One of the most beautiful books I have read is Make Me an Instrument of Your Peace by Kent Nerburn (1999).  In his introduction, Mr. Nerburn writes,

“There is a story told by some of the Native American people about the stars in the midnight sky.  Each star, they say, is a hole pierced in the veil of heaven by souls that have died and the light that shines through is the light of God, the Great Spirit, the Great Mystery.”

In the final paragraph of his book, Mr. Nerburn concludes,

“When we pass, and our spirit ascends to pierce that one new hole in the midnight sky, we can be sure that the light of God will shine down a bit brighter on this earth.  And that somewhere, sometime, one person, coming after us, will stand for a fleeting moment in the presence of that light and know, if only for that moment, that they, too, have been called to be an instrument of God’s peace.”

The local airport

As our journey continues in the 49th year of our marriage, Mrs. tVM and I have settled in a small, desert community.  Our home is on the extended flight path of the local airport known for its skydiving activity.  As a pilot, the nearness to the airport gives me comfort, and we feed off of the energy of the few planes that operate from the airport; most carry skydivers, and we spend hours in the afternoon watching them return to earth with their paragliders.  Nothing separates us from the airport but cotton fields.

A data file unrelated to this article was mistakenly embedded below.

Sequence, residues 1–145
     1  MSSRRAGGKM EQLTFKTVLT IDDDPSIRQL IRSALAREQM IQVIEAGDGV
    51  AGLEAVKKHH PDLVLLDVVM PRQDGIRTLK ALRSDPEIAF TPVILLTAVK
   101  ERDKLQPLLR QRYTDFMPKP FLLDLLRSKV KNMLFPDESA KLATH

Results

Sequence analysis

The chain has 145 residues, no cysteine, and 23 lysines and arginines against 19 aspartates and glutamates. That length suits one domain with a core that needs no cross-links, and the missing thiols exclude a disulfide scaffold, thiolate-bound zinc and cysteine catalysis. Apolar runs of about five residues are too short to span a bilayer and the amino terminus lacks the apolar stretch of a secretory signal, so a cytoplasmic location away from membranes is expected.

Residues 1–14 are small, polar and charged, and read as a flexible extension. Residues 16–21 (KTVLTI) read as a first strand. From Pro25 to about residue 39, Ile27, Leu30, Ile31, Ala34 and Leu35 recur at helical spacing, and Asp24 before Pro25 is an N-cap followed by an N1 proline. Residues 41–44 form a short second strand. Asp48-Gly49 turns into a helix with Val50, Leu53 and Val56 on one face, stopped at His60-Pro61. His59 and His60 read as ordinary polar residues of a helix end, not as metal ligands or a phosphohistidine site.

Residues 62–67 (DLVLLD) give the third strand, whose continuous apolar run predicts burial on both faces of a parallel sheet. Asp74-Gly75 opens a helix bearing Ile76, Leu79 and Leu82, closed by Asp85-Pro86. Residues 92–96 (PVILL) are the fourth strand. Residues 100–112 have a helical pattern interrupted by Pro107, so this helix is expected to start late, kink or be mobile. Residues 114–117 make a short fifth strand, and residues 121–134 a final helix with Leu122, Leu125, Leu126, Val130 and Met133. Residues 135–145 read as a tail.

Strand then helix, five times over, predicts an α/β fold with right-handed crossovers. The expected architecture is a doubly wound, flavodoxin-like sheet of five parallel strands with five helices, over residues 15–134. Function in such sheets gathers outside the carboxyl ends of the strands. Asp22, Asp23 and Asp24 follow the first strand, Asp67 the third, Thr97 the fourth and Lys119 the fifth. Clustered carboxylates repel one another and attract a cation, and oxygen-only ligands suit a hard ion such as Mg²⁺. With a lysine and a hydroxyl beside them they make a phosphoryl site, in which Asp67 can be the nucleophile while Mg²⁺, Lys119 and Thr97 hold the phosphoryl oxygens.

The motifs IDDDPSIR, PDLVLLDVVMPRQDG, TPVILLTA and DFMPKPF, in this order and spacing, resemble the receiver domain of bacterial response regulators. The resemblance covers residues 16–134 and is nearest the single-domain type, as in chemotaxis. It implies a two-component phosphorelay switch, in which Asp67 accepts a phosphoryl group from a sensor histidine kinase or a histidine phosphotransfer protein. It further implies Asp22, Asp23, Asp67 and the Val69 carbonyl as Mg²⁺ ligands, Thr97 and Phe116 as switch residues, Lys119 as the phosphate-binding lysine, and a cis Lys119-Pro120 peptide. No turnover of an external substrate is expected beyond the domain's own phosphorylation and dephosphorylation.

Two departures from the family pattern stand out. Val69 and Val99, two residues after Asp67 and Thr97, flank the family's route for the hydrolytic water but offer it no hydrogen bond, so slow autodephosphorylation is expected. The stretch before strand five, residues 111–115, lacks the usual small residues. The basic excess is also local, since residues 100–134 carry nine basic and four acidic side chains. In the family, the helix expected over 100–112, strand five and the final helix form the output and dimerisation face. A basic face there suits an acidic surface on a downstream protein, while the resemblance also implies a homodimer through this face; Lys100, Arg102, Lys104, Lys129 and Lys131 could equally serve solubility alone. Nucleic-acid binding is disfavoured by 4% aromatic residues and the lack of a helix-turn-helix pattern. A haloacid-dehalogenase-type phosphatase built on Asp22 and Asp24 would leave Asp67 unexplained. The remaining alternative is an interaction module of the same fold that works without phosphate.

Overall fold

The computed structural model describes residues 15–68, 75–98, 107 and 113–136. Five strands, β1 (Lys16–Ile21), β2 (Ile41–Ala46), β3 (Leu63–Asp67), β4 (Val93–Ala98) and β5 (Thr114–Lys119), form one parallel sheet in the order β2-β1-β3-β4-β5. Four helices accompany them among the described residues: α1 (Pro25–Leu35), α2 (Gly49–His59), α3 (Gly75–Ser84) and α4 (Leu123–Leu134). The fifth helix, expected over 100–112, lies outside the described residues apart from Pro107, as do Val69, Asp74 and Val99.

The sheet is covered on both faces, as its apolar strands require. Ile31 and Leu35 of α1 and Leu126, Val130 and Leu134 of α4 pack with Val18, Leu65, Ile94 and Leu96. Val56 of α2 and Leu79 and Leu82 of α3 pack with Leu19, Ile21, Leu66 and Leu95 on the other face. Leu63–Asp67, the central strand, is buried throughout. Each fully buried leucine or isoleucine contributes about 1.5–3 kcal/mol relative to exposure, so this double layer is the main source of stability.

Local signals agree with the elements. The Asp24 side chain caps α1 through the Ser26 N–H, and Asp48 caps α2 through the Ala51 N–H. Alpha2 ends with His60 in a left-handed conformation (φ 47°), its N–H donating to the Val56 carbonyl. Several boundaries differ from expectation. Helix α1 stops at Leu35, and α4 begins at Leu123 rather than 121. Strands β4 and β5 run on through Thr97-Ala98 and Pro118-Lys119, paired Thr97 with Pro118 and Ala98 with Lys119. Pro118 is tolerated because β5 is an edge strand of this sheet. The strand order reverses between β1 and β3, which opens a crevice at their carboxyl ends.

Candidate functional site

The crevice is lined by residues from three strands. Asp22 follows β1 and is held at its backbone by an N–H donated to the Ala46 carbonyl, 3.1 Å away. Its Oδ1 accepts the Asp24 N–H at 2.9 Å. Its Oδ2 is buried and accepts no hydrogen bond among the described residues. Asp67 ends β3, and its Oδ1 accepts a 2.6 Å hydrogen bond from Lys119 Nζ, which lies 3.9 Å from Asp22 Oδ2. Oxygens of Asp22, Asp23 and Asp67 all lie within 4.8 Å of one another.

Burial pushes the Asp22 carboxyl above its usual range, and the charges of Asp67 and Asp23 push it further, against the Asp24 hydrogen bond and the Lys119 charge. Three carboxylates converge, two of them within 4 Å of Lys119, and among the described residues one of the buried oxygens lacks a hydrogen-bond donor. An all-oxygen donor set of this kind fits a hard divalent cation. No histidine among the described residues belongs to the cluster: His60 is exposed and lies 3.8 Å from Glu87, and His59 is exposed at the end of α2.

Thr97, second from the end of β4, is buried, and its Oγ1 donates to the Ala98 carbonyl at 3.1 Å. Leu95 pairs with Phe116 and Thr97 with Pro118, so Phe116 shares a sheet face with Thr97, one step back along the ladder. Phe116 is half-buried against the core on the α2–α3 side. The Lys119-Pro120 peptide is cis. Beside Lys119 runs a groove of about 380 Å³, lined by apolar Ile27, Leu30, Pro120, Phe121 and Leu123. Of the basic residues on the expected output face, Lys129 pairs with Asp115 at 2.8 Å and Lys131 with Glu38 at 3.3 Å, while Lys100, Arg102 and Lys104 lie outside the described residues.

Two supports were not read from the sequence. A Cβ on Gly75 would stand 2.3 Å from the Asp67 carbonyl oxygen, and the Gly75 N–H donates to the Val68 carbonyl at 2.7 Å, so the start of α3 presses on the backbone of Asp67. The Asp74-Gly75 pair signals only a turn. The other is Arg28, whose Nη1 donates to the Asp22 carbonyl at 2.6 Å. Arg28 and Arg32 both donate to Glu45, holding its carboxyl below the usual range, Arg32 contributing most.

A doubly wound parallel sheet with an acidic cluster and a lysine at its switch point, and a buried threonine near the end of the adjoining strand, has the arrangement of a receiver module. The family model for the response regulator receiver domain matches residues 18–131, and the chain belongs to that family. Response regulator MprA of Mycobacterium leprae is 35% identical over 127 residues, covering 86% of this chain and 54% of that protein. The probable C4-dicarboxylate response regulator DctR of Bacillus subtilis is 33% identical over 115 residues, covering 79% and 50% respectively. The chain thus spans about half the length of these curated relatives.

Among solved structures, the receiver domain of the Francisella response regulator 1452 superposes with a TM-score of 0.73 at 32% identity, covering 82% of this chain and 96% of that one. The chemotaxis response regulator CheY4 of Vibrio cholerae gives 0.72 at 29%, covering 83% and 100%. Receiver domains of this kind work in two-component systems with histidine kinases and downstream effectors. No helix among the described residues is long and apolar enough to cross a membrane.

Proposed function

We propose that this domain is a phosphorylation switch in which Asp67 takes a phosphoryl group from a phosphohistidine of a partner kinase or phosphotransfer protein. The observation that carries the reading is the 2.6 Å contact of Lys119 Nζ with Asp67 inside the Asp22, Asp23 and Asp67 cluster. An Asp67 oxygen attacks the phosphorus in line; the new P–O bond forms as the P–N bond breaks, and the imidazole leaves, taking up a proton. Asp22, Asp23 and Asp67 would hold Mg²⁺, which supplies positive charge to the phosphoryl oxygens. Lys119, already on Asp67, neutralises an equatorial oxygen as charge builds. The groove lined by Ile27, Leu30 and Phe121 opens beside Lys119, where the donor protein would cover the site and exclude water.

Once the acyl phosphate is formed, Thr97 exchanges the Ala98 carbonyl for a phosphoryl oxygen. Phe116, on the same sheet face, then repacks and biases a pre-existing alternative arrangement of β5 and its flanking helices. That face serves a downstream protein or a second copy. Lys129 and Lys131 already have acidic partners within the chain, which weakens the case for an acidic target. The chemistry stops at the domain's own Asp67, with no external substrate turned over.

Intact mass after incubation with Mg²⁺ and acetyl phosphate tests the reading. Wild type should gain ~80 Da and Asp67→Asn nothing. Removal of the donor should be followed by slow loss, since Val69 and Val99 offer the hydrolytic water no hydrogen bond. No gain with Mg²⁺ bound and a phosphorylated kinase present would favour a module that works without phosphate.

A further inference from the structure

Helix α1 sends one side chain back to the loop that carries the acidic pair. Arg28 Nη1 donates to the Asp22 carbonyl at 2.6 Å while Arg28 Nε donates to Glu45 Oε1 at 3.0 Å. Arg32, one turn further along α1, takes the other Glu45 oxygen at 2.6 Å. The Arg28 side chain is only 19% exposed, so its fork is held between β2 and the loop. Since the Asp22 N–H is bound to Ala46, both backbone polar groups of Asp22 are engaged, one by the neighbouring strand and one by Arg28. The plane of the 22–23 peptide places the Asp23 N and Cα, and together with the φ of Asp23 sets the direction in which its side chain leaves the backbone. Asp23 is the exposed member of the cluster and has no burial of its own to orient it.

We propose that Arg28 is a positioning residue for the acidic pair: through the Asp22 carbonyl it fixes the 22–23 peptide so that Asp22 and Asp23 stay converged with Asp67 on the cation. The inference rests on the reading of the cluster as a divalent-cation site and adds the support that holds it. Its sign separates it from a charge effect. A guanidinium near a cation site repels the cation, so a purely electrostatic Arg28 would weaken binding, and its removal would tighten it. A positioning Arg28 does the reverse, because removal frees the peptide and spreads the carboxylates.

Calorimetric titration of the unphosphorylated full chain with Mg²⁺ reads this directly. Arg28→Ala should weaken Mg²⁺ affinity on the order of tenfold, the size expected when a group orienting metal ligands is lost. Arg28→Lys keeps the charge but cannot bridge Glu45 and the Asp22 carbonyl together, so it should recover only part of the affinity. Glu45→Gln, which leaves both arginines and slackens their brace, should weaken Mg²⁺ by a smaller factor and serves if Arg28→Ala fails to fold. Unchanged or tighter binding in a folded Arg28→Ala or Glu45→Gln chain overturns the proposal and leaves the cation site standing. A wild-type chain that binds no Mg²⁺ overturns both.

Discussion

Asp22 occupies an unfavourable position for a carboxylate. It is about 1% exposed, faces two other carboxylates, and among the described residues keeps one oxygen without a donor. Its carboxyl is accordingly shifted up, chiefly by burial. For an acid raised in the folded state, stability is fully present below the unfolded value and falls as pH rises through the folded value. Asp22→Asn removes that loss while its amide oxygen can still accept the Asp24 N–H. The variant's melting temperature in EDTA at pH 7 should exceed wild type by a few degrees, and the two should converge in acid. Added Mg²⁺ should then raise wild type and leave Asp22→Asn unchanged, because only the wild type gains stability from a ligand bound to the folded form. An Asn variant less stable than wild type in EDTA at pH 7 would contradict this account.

The Sleeping Indian at sunrise

The North Picacho Mountains rise in full view.  The Sleeping Indian rests peacefully as he has for a million years and more.

We’ve abandoned our television in the evening and prefer to watch the stars and planets appear one by one.  Light pollution is minimal.  Jupiter appears first.  An hour after sunset, the sky is filled with those countless ‘holes in the veil of heaven.’

Although I am re-learning my constellations, I see a story in each star, a story related to a soul who has pierced the heavens.  That one is Billy Tate, a 14-year-old pony express rider.  The one over there is a Greek helot who bore arms for a Spartan knight at Thermopylae.  And that bright one there?  That’s my father.

Mrs. tVM is babysitting this weekend, so Clarence and I sit alone looking for satellites and praying for those souls who have preceded us.  Stargazing is the most calming activity I have ever engaged in.

Cassiopeia

I try to take pictures, but I don’t think I’ll ever figure out how to manually focus on the night sky.  It’s not important.

Your soul may be burdened, and you may be weary, or you may be the happiest creature on the planet.  It makes no difference.  Take time to gaze at the night sky and acknowledge those who have preceded us regardless of the significance of the role they played during their time on Earth.  Each was significant in his own way.  You will find peace in your meditation.

Mitakuye Oyasin

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